We tend to take our friendships for granted, but they are important parts of our Christian lives. David Maas explains how we should cultivate and appreciate our friendships, for they are a necessary tool in growing in godliness.
Many have inadvertently adopted a soft concept of God, disrespecting and showing contempt for God's authority and power. Godly fear is a gift of wisdom.
Richard Ritenbaugh, reiterating that the book of Chronicles, written around 420 BC, after Israel had returned from captivity, was not intended to be so much as a historical record as a sermon, drawing lessons from the historical record, showing what happen. . .
John Ritenbaugh contends that while Scripture does allow for individuals to share their faults with one another for encouragement and brotherly advice, no man has the power to forgive sins or grant absolution, a prerogative retained by Christ and God the F. . .
Richard Ritenbaugh posits that the thesis of the books of Chronicles is that, if one follows the terms of God's Covenant, blessings will accrue, and that, if one does not, curses will ensue. God sternly warned ancient Israel never to make covenants with th. . .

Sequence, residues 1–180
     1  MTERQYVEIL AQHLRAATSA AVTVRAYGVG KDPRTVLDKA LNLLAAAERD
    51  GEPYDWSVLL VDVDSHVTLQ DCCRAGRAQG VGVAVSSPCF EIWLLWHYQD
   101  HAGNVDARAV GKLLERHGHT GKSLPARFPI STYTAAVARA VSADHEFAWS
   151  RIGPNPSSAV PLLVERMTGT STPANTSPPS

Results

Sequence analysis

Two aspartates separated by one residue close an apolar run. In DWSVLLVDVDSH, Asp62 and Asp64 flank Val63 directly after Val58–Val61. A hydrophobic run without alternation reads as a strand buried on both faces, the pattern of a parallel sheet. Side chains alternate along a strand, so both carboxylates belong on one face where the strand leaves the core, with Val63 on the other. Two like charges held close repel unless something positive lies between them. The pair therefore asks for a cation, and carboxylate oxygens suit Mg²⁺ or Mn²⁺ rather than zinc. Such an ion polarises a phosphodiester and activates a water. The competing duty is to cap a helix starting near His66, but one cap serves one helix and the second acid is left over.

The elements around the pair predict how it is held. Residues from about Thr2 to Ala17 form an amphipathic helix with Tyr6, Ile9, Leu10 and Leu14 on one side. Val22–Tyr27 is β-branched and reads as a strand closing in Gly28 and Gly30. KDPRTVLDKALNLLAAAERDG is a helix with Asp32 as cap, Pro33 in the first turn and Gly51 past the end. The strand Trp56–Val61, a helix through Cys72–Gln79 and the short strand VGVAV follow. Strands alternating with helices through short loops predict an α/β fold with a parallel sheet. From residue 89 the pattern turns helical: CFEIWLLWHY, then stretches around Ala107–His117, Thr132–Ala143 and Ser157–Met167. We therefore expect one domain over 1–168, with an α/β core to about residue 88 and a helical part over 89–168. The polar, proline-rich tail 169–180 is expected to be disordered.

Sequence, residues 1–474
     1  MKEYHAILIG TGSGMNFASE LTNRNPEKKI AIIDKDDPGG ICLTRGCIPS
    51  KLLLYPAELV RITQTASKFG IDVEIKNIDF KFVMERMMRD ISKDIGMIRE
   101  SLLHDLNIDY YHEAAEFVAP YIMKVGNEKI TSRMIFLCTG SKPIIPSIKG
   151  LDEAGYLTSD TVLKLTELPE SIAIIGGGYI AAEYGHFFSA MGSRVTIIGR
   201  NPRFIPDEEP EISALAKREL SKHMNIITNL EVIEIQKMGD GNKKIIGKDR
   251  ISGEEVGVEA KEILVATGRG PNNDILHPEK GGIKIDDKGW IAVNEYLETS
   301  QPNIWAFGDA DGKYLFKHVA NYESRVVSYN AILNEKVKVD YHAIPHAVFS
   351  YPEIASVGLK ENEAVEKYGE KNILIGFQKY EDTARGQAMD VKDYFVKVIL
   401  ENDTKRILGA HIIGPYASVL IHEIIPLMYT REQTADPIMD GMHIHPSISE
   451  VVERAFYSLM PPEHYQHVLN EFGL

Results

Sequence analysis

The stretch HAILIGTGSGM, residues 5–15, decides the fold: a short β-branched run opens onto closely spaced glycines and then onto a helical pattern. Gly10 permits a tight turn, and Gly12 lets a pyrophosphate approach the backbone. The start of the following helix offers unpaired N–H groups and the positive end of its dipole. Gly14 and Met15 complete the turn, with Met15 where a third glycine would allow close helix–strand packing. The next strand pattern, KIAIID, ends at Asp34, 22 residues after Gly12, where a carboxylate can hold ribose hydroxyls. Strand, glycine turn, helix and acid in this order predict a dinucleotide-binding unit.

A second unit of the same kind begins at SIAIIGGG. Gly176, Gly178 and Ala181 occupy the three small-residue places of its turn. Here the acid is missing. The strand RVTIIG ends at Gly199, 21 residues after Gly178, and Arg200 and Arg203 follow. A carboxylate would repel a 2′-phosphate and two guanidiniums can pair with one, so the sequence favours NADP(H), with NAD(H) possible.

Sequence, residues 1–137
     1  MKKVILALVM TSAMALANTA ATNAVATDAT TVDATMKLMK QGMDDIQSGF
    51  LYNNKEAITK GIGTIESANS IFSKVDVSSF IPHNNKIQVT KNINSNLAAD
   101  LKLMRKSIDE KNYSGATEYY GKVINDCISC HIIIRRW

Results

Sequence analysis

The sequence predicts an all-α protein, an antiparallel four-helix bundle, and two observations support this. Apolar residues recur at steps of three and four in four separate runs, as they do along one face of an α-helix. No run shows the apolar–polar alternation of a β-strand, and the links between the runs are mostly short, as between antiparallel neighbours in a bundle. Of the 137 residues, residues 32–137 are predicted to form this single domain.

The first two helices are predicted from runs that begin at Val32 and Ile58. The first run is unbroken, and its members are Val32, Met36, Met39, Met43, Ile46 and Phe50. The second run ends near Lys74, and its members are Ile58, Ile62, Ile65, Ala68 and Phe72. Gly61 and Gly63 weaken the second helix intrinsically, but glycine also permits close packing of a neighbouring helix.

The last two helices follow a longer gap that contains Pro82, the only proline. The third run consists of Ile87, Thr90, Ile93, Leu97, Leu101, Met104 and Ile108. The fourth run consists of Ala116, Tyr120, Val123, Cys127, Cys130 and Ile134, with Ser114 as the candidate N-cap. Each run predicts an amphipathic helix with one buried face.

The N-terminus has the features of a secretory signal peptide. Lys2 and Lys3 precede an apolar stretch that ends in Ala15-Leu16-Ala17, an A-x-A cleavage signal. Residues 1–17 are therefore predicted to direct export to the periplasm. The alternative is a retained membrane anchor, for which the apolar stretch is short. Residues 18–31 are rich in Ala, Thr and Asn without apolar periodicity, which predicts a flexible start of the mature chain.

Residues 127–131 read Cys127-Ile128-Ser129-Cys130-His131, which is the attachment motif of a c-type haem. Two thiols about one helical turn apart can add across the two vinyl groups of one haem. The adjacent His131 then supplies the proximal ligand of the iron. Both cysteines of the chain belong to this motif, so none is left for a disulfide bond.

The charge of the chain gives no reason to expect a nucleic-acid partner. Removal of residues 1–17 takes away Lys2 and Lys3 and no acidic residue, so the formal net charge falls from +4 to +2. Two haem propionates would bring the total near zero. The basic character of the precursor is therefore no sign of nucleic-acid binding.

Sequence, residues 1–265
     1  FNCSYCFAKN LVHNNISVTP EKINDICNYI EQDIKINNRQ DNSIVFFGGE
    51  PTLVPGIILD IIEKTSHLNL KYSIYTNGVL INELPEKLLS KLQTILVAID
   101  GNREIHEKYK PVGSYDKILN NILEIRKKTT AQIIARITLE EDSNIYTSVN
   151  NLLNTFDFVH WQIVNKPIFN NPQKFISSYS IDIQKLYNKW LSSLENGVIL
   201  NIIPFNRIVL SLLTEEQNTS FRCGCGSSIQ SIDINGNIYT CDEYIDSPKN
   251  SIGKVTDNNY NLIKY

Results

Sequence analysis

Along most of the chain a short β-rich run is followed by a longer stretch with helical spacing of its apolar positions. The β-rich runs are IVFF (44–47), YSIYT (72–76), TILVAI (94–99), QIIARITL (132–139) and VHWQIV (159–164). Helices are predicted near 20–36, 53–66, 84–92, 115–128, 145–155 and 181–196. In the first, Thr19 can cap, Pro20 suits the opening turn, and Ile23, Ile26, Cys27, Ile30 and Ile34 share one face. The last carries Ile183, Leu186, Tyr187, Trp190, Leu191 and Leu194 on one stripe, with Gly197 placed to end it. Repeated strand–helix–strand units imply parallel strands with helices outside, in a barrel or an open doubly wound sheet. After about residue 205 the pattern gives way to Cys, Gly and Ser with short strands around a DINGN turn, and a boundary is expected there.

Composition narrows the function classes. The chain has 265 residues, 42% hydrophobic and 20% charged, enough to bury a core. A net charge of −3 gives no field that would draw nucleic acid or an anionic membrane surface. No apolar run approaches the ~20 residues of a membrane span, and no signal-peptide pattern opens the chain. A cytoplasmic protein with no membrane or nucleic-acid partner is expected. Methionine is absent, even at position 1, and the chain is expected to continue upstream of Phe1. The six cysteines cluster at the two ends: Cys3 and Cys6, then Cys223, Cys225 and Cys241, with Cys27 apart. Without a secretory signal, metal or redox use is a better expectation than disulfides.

Richard Ritenbaugh, decrying the incredible dearth of leadership around the world (no Churchill's, no Bismarck's, or no Reagan's), avers that the state of affairs prophesied in Ezekiel 34:1-5, in which self-centered, narcissistic 'shepherds' feed off the f. . .
Many biblical examples illustrate that when the leader put his faith in God and submitted himself to God's rule, God supernaturally protected His people.
Over the past year and a half, the "Arab Spring" that swept through the Middle East and North Africa has been an enduring source of worry for the state of Israel. David Grabbe argues that, despite the instability of its neighbors, Egypt and Syria in partic. . .
Ted Bowling, reminding us that King Asa of Judah started his reign trusting in God's intervention and providence, shows that he finished his course weak and compromised, in much the same condition as Christ describes the Laodicean congregation in Revelatio. . .
John Ritenbaugh observes that Lamentations 4 contains a series of contrasts, showing the indignities suffered by a once proud and seemingly invincible people reduced to servitude and abject humiliation because of the sin of idolatry, entered into as a resu. . .
The most formidable foe in our spiritual battle is the flesh. We must mortify, slay, and crucify the flesh, enduring suffering as Jesus Christ exemplified.
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